We are currently living in a sedentary society, where much work and entertainment is conducted in front of a computer or television screen.  The problem with this sedentary lifestyle is that our bodies are not designed for it.  The human body still believes it is in the time of the hunter/gatherer and should be moving.

Many of us are aware that we should be exercising to build our muscles and strengthen our hearts and lungs, and that physical activity can provide other health benefits like lowering your blood pressure and blood sugar.

However, research has also shown that not only should we be moving for the health of our body, we should be moving for the health of our minds.  Exercise increases the amounts of beneficial neurotransmitters in our brains that can improve anxiety and depression, and it builds connections between brain cells that improve memory and learning, and may also reduce the effects of Alzheimer’s.  Exercise also improves our brain’s ability to handle stress and improves attention in those with ADHD.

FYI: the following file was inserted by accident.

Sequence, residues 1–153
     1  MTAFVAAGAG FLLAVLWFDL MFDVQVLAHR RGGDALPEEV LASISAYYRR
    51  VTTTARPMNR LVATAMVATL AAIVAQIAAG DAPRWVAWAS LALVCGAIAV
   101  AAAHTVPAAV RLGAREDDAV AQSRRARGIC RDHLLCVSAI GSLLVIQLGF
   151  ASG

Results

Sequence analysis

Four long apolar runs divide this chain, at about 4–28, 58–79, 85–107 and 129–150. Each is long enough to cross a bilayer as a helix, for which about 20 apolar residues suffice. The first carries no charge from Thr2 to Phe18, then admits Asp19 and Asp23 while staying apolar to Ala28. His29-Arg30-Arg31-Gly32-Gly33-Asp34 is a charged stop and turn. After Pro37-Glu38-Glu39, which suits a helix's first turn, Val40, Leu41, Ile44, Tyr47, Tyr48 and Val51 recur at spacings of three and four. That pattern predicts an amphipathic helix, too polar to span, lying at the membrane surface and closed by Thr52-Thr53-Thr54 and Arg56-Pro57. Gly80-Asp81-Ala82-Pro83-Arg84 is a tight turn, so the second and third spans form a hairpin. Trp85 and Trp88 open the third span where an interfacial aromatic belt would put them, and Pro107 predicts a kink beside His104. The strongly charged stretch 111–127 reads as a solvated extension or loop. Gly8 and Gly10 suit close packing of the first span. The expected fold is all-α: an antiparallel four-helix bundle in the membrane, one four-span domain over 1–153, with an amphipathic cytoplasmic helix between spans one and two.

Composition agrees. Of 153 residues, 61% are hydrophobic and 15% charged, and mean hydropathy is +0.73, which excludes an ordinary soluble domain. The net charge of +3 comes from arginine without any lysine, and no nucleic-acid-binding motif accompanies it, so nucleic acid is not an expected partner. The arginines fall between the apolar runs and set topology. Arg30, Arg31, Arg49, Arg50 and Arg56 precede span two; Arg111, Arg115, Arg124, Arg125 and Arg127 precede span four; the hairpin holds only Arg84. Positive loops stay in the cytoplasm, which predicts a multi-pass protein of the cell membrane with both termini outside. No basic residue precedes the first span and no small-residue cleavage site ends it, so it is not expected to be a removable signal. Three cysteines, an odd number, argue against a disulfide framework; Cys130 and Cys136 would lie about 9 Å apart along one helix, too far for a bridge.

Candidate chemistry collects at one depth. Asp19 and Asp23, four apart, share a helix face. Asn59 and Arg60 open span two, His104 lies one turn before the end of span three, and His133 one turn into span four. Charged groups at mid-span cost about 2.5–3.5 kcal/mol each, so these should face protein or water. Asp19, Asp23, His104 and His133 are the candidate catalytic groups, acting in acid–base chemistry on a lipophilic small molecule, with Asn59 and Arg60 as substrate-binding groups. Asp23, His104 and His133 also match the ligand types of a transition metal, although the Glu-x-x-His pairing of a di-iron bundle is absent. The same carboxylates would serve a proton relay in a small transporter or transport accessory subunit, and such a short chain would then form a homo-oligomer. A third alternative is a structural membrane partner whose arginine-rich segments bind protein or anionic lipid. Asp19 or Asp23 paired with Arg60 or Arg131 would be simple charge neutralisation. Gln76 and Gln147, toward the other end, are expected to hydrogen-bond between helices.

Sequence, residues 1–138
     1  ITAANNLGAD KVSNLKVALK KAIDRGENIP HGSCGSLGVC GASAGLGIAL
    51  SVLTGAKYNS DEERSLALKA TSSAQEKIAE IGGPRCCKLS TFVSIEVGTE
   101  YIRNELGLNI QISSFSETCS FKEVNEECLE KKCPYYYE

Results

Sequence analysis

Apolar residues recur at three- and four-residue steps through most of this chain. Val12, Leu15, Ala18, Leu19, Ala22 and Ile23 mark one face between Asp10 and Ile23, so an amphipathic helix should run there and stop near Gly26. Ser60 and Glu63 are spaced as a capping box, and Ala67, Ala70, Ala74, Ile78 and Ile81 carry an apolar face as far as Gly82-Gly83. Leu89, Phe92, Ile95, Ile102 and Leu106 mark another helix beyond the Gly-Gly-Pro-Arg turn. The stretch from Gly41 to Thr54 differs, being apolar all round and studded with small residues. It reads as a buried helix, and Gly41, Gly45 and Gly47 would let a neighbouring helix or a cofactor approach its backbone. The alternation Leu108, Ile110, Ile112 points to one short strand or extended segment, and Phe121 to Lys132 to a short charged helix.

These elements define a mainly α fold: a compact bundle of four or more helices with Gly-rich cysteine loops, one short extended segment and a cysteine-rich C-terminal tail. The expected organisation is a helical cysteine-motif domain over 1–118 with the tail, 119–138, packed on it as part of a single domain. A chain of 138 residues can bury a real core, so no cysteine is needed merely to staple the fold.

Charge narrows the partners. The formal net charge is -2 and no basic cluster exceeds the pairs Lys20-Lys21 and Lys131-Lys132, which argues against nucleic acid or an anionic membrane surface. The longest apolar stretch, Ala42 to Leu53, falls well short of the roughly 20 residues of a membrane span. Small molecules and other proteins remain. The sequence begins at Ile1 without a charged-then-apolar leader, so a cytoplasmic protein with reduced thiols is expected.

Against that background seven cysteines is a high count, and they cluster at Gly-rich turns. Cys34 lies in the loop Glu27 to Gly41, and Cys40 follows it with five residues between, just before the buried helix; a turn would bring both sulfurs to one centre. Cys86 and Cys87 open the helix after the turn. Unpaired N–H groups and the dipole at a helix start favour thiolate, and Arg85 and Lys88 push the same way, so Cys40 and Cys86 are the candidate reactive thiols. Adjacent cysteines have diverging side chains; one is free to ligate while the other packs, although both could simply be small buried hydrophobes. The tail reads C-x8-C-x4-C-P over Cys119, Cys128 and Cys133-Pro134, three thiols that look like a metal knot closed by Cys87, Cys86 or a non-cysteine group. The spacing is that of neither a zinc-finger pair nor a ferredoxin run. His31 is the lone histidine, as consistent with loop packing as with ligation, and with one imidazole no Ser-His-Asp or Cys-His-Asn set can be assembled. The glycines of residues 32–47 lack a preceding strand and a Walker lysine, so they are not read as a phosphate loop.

It is generally recommended that adults should exercise for a minimum of 30 minutes, 5 times a week.  If you are new to exercising check out this page from Exercise is Medicine with some tips for starting an exercise plan.

If you are just getting started, walking in your neighborhood, local park, or local trails is a great way to get moving.  Track your time, distance, and route on this walking/running log to keep track of your progress.

Some beginner tips include:

– Wear shoes that are comfortable.

– Bring water to stay hydrated.

– Start off slow and gradually increase your pace.

– Take quicker steps to burn more calories instead of longer steps.

– Find a walking partner so you can challenge and motivate each other.